“Slow down, Holmes!” I exclaimed. “That was a very large block of text. First – how do you investigate these cases?”

Holmes sat, played violin, had a sip of a drink, read a book, finished a game of chess, and smiled. He walked to the fireplace, wrote a novel, and leaned on the mantel. He lit his pipe, made a phone call to the Italian Embassy, instructed a surgeon on how to improve hygiene in the children’s hospital, and fixed me with a steely stare. “I just told you,” he said.

I tried to remember what he had said. It was a challenge indeed, with the ropes making it deliciously difficult for me to breathe. I started making groaning noises in an attempt to gain some assistance from him, but he only sat and stared at me like some kind of android from a 3D science fiction movie, whatever that is.

“Okay, Watson. I can see that you are about to pass out. Let me go further. This game is almost like a choose-your-own-adventure book, except that you are never given any choices. Every move you make in the game, everywhere you go, everyone you visit, is entirely your decision. Indeed, if you do not have your wits about you, you will struggle to know where to go next. The only information you begin with is the details of the case itself, and a knowledge of London and its inhabitants. Using those facts, and anything you find in the newspapers, you will make decisions on where to go, who to see.”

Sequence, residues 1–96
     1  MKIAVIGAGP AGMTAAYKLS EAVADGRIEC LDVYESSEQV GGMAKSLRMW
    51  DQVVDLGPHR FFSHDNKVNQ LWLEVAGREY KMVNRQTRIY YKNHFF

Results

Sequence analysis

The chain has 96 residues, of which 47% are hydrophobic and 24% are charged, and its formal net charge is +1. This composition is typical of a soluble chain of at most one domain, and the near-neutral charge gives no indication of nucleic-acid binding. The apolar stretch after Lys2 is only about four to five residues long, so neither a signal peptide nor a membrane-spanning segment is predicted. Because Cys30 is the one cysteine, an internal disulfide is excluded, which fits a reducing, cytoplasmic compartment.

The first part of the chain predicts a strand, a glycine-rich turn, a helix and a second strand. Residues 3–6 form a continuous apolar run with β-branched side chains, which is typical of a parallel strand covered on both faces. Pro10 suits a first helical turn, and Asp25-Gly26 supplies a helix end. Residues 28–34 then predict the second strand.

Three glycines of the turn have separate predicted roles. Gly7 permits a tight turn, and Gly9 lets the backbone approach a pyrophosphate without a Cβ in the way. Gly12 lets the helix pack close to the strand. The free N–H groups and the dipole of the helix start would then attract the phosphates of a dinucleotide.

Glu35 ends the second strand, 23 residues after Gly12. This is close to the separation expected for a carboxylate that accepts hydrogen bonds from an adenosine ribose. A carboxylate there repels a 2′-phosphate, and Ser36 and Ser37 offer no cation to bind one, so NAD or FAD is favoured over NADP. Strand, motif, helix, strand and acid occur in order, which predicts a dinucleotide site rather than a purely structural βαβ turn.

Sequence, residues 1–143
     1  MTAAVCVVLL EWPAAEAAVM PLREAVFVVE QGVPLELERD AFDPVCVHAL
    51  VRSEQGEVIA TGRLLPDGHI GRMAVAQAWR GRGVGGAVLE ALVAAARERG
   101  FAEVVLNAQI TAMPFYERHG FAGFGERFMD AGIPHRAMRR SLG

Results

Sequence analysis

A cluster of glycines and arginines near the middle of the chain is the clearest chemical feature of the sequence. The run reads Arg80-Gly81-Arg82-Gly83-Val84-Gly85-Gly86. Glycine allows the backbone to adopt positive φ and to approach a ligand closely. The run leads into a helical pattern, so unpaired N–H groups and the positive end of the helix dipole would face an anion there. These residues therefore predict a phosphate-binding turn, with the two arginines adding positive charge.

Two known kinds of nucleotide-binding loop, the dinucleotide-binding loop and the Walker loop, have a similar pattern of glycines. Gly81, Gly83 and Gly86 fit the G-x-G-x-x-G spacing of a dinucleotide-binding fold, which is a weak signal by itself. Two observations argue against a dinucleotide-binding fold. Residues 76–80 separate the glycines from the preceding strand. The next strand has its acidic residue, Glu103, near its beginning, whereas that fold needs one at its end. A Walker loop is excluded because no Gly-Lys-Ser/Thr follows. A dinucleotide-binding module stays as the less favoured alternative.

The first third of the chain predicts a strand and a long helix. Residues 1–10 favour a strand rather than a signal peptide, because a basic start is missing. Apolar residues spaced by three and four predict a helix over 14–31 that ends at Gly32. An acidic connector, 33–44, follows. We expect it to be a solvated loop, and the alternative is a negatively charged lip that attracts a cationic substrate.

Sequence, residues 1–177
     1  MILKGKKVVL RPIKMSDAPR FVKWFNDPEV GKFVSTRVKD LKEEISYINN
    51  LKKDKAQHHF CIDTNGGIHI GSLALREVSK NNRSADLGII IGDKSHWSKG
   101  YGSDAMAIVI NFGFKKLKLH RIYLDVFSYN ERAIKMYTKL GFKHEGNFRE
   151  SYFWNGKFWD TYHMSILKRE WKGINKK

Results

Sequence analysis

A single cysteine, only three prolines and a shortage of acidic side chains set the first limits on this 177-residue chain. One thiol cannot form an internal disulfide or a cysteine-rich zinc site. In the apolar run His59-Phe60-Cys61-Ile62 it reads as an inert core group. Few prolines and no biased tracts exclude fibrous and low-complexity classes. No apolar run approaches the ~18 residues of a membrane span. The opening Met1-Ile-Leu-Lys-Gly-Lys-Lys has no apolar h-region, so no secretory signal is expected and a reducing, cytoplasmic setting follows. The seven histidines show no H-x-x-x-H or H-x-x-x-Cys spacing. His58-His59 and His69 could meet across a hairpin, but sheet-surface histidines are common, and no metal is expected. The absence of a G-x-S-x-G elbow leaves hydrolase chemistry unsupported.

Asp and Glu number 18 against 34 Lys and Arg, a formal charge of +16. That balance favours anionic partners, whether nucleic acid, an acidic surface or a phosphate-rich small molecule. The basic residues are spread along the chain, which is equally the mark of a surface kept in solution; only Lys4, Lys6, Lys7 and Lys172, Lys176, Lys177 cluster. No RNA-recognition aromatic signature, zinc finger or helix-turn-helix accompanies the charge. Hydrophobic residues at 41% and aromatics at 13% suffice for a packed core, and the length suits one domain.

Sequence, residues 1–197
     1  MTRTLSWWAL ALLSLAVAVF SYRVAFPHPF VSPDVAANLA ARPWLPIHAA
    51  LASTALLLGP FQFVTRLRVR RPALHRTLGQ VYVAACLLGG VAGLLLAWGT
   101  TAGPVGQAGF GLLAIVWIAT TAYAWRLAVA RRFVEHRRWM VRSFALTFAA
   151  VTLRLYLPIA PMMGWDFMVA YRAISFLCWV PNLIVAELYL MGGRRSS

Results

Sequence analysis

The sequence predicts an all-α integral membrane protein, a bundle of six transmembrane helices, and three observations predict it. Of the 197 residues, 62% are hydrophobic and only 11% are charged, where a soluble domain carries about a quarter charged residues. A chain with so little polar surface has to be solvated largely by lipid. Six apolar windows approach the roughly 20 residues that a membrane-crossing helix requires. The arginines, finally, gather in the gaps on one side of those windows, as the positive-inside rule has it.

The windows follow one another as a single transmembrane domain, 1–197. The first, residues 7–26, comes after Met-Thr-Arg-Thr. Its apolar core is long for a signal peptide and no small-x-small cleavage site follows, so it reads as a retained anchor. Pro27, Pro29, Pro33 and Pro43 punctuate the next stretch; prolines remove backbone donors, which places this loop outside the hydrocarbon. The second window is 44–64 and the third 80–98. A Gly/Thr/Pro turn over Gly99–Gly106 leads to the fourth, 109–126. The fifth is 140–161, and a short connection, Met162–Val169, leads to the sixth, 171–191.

“And do you do this alone?” I asked. Holmes and I liked to play games together.

“You can. But I find that this game is a wonder when played with a friend or a sexual partner. Pour some wine, lay out the map, read the case file… and then conduct your own investigation.”

“But how do you win, Holmes?”

“When you feel that you have enough information to solve the case, you turn to the back of the case file. There you will find some questions. You answer them, and find out your score. You will then compare your score to the score of the master himself, the man you see standing naked before you right now – the great SHERLOCK HOLMES!”

With that, Holmes performed a forward roll that would be the envy of every gymnast in Russia. He leaped to his feet and flashed a smile at me.

“Holmes, you are wonderful,” I sighed. “Can you sum it all up for me, to bring all this to a climax?”

“Indeed. Sherlock Holmes: Consulting Detective is a wonderful game. An essential purchase. It is a collaborative investigation game, and one that will truly test your brain power. It has a wonderful feel – you will feel like you truly are in London, working alongside the sexy Sherlock Holmes. And the game itself is beautiful. It is a classy, lovely thing. It is –“

At that very point, Holmes flung himself into the fire. Being so full of alcohol, he popped like a fiery balloon. I screamed in terror, but also found it strangely arousing.

“THE GREAT MAN IA!” I screamed, as my couch gained sentience and crawled towards the window. “THE GREAT OLD MAN! IA! IA!” I screamed, and the night air received me, and the moon, and the stars, and the forever.